Records of the Grand Historian

Records of the Grand Historian

pic = Shiji.jpg
picsize = 206px

t = 史記
s = 史记
p = Shǐjì
w = Shih-chi
j = Si2 gei3
y = Sígei
The "Records of the Grand Historian", also known in English by the Chinese name 史記 or "Shiji", written from 109 BC to 91 BC, was the magnum opus of Sima Qian, in which he recounted Chinese history from the time of the Yellow Emperor until his own time. (The Yellow Emperor, traditionally dated ca. 2600 BC, is the first ruler whom Sima Qian considers sufficiently established as historical to appear in the Records.) As the first systematic Chinese historical text, the Records profoundly influenced Chinese historiography and prose. In its impact, the work is comparable to Herodotus and his "Histories".


The 130 volumes (i.e. scrolls, now usually called "chapters") of the text classify information into several categories:
#12 volumes of Benji (本紀) or "Basic Annals", contain the biographies of all prominent rulers from the Yellow Emperor to Qin Shihuang and the kings of Xia, Shang, and Zhou dynasties. The biographies of four emperors and one empress dowager of the Western Han before his age are also included. Besides, though Xiang Yu never actually ruled all the country, his biography was contained in this class.
#30 volumes of Shijia (世家) or "Hereditary Clans", contain biographies of notable rulers, nobility and bureaucrats mostly from the Spring and Autumn and Warring States periods.
#70 volumes of Liezhuan (列傳) or "Memoirs", contain biographies of important individual figures including Laozi, Mozi, Sunzi, and Jingke.
#8 volumes of Shu (書) or "Essays", treat of economics and other topics of the time.
#10 volumes of Biao (表) or "Chronologies", are timelines of events.


Unlike subsequent official historical texts that adopted Confucian doctrine, proclaimed the divine rights of the emperors, and degraded any failed claimant to the throne, Sima Qian's more liberal and objective prose has been renowned and followed by poets and novelists. Most volumes of "Liezhuan" are vivid descriptions of events and persons. This has been attributed to the fact that the author critically used stories passed on from antiquity as part of his sources, balancing reliability and accuracy of the records. For instance, the material on Jing Ke's attempt at assassinating first emperor of China was an eye-witness story passed on by the great-grandfather of his father's friend, who served as a low-ranking bureaucrat at court of Qin and happened to be attending the diplomatic ceremony for Jing Ke. It has been observed that the diplomatic Sima Qian has a way of accentuating the positive in his treatment of rulers in the Basic Annals, but slipping negative information into other chapters, and so his work must be read as a whole to obtain full information. There are also discrepancies of fact between various portions of the work, probably reflecting Sima Qian's use of different source texts; from these it appears that his great work did not receive a final editorial polish.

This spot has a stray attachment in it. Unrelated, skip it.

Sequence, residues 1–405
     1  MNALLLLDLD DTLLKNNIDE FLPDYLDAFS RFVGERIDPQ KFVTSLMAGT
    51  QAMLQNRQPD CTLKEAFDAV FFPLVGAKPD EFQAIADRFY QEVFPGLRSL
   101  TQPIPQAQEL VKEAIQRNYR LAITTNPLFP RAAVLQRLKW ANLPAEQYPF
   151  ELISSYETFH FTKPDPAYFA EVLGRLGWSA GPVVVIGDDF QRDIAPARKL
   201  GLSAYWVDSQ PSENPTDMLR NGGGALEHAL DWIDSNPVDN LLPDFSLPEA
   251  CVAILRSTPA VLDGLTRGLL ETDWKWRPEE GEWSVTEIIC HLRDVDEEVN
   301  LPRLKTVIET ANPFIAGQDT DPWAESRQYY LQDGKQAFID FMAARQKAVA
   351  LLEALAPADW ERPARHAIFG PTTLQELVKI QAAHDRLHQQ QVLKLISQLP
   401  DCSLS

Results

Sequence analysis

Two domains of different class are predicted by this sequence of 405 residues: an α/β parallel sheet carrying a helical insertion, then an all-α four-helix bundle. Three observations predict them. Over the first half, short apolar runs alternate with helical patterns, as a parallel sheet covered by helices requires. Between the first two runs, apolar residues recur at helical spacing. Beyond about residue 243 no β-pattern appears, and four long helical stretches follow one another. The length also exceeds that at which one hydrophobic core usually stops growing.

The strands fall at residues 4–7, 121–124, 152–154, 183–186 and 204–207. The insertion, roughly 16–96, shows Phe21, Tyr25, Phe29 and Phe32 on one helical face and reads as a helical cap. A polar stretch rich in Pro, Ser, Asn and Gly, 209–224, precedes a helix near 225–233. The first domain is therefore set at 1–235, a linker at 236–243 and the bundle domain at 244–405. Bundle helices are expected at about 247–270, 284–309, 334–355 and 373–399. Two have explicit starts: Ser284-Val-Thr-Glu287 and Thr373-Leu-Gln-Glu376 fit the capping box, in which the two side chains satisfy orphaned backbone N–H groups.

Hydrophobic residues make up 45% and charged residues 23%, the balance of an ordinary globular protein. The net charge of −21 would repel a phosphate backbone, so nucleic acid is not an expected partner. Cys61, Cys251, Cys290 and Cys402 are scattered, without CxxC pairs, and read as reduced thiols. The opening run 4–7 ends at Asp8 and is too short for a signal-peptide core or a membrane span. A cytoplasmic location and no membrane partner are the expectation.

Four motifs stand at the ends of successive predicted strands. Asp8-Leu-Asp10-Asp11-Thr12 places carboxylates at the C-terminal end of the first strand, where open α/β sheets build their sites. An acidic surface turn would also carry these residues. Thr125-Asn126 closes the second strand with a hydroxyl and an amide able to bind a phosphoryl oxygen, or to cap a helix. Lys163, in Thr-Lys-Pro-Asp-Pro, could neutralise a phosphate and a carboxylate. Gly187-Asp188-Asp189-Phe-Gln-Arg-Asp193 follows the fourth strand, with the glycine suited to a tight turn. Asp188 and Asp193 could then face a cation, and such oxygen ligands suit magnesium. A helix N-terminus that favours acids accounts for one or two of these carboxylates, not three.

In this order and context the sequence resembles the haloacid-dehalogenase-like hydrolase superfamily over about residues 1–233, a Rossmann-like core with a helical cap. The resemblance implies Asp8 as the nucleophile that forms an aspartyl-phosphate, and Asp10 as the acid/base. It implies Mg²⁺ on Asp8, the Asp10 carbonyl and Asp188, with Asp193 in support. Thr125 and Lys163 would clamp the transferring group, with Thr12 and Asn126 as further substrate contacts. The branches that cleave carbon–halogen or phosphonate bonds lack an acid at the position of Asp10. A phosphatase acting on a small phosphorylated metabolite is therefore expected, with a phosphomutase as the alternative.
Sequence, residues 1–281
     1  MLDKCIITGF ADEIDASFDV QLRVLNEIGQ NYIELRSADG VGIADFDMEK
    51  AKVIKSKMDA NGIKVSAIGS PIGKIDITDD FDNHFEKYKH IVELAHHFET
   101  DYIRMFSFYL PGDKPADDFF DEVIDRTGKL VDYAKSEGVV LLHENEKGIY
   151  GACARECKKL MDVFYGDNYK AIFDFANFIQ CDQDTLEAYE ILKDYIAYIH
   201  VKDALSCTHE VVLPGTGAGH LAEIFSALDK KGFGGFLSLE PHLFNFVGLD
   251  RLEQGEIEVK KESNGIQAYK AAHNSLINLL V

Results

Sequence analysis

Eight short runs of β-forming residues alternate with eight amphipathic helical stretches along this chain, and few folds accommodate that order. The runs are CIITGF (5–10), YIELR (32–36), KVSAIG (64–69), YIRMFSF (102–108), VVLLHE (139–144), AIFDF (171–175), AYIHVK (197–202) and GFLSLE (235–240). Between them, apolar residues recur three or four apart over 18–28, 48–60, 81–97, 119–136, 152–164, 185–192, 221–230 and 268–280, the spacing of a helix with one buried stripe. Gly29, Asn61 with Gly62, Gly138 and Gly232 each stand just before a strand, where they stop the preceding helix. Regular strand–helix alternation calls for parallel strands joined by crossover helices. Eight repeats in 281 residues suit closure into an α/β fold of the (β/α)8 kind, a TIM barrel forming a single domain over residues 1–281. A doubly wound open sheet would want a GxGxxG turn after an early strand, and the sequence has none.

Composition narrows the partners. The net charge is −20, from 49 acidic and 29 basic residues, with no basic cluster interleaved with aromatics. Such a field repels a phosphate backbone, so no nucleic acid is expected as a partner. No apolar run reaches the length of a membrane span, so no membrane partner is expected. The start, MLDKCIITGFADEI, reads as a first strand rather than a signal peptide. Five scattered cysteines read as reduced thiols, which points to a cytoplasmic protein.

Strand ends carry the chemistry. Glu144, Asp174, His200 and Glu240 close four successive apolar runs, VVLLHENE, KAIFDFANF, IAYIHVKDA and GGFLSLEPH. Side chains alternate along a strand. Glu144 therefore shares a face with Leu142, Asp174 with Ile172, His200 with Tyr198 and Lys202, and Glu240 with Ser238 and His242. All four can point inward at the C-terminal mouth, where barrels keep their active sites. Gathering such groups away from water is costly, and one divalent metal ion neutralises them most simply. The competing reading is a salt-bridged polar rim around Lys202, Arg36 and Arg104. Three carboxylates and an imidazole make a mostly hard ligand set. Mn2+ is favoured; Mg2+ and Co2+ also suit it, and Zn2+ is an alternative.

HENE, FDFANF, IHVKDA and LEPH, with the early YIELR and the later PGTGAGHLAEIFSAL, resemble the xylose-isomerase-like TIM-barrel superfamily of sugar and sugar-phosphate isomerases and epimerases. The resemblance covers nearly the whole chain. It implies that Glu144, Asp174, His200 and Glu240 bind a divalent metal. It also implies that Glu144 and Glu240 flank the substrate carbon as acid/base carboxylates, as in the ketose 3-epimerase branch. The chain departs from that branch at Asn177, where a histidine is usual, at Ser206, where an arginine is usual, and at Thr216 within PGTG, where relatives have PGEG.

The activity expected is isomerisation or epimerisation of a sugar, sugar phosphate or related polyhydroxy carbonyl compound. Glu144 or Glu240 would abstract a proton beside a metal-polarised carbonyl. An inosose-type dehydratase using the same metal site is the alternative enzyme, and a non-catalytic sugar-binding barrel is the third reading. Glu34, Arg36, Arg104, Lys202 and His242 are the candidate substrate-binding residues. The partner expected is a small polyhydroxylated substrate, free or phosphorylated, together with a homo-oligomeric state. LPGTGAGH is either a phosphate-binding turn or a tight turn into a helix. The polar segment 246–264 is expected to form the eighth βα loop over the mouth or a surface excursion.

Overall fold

Joseph Needham wrote in 1954 that many scholars doubted that Sima's "Records of the Grand Historian" had contained accurate information about such distant history, including the thirty kings of the Shang Dynasty (c. 1600–c. 1050 BC). Many scholars argued that Sima couldn't possibly have had access to written materials which detailed history a millennium before his age. However, the discovery of oracle bones at an excavation of the Shang Dynasty capital at Anyang (Yinxu) matched twenty-three of the thirty Shang kings that Sima listed. Needham writes that this remarkable archaeological find proves that Sima Qian "did have fairly reliable materials at his disposal—a fact which underlines once more the deep historical-mindedness of the Chinese."Needham, Joseph. (1972). "Science and Civilization in China: Volume 1, Introductory Orientations". Richmond: Kingprint Ltd., reprinted by permission of the Cambridge University Press with first publication in 1954. ISBN 052105799X. Page 88.]

ee also

*"Twenty-Four Histories"


Further reading

*Hulsewé A.F.P. (1993), “Shih chi”, "Early Chinese Texts: a bibliographical guide" (editor—Loewe M.) p. 405-414 (Berkeley: Society for the Study of Early China).
* Sima Qian (1993), "Records of the Grand Historian of China. Qin Dynasty". Translated by Burton Watson (Hong Kong: The Research Centre for Translation [The Chinese University of Hong Kong] ; New York, Columbia University Press). ISBN 0-231-08168-5 (hbk); ISBN 0-231-08169-3 (pbk)
* Sima Qian (1993), "Records of the Grand Historian of China. Han Dynasty II". (Revised Edition). Translated by Burton Watson (New York, Columbia University Press). ISBN 0-231-08168-5 (hbk); ISBN 0-231-08167-7 (pbk)
*Ssu-ma Ch'ien (1961), "Records of the grand historian of China: Han Dynasty I", Translated from the Shih chi of Ssu-ma Ch'ien by Burton Watson (Hong Kong: The Research Centre for Translation [The Chinese University of Hong Kong] ; New York: Columbia University Press). Revised Edition (1993): ISBN 0-231-08165-0 (pbk), 0-231-08164-2.
*Ssu ma Ch’ien (1994), "The Grand Scribe’s Records I: the basic annals of pre-Han China" (editor—Nienhauser W.H. Jr.) (Bloomington: Indiana University Press). (An annotated translation.)
*Ssu ma Ch’ien (1994), "The Grand Scribe’s Records VII: the memoirs of pre-Han China" (editor—Nienhauser W.H. Jr.) (Bloomington: Indiana University Press). (An annotated translation.)

External links

* [ The Original Text in its Entirety (Chinese)]
* [ A comparative reading on the texts in both modern and classical Chinese]
* [ CHINAKNOWLEDGE Shiji 史記 "Records of the Grand Scribe.]
* [,M1 English version]

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